To date, only Oregon has recognized a state microbe – Saccharomyces cerevisiae, yeast, the basis of brewing – in recognition of the state’s many small craft breweries. Wisconsin and Hawaii are considering naming state microbes as well. The microbe Streptomyces griseus, discovered in New Jersey, has dramatically advanced world health and thus merits state recognition.
Streptomycin was discovered by Albert Schatz, Elizabeth Bugie and Selman Waksman in January of 1944. It was truly remarkable in the breadth of pathogens that it attacked, including Vibrio cholerae (cholera) and Mycobacterium tuberculosis (TB), against both of which penicillin, the only other antibiotic at that time, had no effect. The discovery of streptomycin radically changed public health...
Peter Kahn Gives Baccalaureate Address to Rutgers School of Environmental and Biological Sciences 2017 Graduates
June 20, 2017
"It is not often that a scientist is asked to speak on matters outside his specialty. For the honor you have done me, therefore, in asking that I speak to you tonight I do thank you. The class of 1993 also asked me to speak to them for their Baccalaureate. When I reread that talk I realized with some updating it would apply more strongly now than it did then.
"When you leave here some days from now, you will have spent sixteen years or more in school. While many of you will go on to professional training, your formal academic education is complete. The rest of your education now begins. What do you take from here that will be of use 'out there?' And what will you find 'out there?'
"You all entered college with some appreciation for the natural world, an appreciation which has probably grown in your time here. You all know something of agriculture and the environment, and many of you know something of economics and other fields. A few - bless you - know a little biochemistry. If you reflect on what you know today, however, you’ll realize you knew more about the subjects you studied when you studied them than you do now. Many of the specifics have already fled, and you are not even out the door! You might think to yourselves, 'If I had had better study habits or if I had worked harder, I might know more today.' There may be a few people in the room for whom that is true.... Even so, however good your habits and however hard you worked, much specific knowledge will have gone from you. It is the sort of knowledge which becomes engraved in the mind only if you use it regularly, and many of you will not have the need to do that, for your work and your lives will take you in other - and unexpected - directions..."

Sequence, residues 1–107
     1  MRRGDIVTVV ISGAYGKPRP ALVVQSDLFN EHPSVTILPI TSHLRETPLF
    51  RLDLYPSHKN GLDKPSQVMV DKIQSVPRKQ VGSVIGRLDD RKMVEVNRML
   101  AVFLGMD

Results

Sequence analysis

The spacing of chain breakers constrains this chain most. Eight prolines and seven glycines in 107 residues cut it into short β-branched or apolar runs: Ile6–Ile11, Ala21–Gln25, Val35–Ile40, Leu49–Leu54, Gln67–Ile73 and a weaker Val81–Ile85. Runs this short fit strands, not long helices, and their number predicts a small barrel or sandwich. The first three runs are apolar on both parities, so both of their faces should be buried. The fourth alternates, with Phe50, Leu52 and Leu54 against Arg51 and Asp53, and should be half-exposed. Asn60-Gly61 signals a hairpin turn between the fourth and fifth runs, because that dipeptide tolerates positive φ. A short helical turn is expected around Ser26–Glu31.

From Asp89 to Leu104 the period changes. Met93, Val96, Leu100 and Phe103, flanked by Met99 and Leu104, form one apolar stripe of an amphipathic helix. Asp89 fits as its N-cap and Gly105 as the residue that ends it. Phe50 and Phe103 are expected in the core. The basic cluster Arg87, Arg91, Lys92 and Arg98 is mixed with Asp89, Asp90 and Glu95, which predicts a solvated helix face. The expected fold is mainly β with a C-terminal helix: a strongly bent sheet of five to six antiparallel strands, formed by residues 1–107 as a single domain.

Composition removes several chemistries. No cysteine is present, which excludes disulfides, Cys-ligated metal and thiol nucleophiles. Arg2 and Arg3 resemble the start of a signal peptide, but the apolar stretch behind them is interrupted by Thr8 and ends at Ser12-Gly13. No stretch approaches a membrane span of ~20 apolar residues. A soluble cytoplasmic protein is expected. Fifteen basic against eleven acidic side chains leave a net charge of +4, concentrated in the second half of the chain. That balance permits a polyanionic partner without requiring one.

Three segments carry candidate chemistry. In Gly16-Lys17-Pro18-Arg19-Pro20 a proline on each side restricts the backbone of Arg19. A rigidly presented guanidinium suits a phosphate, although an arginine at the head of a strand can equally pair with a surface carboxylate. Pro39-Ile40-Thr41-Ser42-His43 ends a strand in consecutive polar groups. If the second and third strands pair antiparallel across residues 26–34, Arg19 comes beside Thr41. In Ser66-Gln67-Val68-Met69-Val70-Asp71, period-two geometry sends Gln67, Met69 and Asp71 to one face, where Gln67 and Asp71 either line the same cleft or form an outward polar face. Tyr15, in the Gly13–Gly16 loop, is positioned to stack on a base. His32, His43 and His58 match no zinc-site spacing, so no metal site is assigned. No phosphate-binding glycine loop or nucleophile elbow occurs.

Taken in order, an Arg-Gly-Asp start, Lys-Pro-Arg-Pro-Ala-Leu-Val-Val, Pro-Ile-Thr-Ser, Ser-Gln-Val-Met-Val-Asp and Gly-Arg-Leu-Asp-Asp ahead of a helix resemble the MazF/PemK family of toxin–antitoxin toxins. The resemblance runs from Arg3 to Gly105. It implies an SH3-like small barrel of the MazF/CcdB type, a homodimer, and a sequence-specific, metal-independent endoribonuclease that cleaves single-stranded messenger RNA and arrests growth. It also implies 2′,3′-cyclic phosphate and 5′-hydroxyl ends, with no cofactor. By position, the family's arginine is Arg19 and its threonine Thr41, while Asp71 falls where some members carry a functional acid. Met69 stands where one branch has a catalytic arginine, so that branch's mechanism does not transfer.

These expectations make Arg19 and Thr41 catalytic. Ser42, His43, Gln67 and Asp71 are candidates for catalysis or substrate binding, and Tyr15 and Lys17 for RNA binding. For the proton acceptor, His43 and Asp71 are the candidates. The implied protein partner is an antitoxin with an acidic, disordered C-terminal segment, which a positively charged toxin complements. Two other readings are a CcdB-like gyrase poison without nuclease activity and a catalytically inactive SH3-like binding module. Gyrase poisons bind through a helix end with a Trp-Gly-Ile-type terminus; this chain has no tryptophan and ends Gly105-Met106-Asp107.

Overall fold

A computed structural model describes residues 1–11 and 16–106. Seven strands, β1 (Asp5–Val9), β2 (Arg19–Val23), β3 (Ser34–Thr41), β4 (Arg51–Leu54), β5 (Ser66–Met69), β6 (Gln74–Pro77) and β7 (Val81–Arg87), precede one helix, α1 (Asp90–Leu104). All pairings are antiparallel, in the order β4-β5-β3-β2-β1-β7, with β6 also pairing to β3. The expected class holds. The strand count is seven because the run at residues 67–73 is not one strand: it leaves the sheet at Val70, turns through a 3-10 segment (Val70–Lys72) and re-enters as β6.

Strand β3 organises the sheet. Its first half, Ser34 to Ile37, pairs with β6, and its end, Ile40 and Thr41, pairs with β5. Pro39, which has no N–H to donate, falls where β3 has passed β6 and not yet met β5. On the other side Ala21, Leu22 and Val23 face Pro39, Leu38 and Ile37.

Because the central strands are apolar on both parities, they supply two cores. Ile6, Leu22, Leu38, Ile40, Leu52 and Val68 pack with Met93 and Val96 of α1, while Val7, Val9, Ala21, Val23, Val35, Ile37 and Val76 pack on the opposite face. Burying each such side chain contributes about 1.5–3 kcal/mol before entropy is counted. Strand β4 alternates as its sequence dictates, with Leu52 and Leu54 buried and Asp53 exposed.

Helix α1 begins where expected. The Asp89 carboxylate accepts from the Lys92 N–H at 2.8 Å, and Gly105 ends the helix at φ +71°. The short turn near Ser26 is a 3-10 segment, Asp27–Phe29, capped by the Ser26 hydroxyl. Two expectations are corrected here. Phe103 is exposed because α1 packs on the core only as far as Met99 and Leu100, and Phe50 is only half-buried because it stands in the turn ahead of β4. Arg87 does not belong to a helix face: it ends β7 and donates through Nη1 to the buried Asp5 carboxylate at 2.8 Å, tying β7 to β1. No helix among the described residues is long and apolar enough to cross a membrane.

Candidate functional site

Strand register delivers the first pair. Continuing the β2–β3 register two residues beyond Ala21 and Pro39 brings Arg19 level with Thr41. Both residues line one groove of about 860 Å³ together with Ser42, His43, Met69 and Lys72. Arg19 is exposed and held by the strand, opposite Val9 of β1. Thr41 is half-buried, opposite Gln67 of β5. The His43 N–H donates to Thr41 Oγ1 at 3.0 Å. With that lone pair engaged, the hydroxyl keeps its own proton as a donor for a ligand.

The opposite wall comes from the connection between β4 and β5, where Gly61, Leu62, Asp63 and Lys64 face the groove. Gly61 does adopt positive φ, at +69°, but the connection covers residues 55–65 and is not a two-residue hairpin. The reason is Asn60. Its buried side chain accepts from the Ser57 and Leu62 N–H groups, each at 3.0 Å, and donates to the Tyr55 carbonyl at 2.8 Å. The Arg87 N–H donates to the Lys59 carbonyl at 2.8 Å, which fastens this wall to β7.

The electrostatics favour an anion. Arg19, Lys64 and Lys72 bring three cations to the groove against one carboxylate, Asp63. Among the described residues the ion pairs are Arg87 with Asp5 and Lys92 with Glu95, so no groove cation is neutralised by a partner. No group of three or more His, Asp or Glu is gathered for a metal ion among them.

Costantino Vetriani's lab publishes work on microbial genomics in eLife
May 24, 2017
"Vetriani’s lab first isolated the T. ammonificans bacterium from a black smoker hydrothermal vent chimney on the East Pacific Rise. It thrives in hot environments rich in volcanic gases such as hydrogen, carbon dioxide, and sulfur dioxide. 'T. ammonificans is a modern organism that lives on the planet today, but in an environment that resembles conditions on early Earth,' said senior author Vetriani. 'We can assume that some of the genetic or metabolic traits that are present today, may have been inherited from an ancestor that lived on early Earth.'
"After realizing that T. ammonificans likely stemmed from a deep branch on the tree of life, Vetriani sequenced the genome with the help of the Joint Genome Institute. But it wasn’t until Giovannelli joined Vetriani’s lab that the group was able to use bioinformatics techniques to fully analyze that genome. The researchers combined comparative genomics approaches that draw evolutionary connections between T. ammonificans and related microbes, with physiological experiments, and proteomic analyses that look at all of the proteins expressed by the bacterium. Together, these techniques enabled the researchers to reconstruct the evolutionary history of the organism and determine its early metabolism."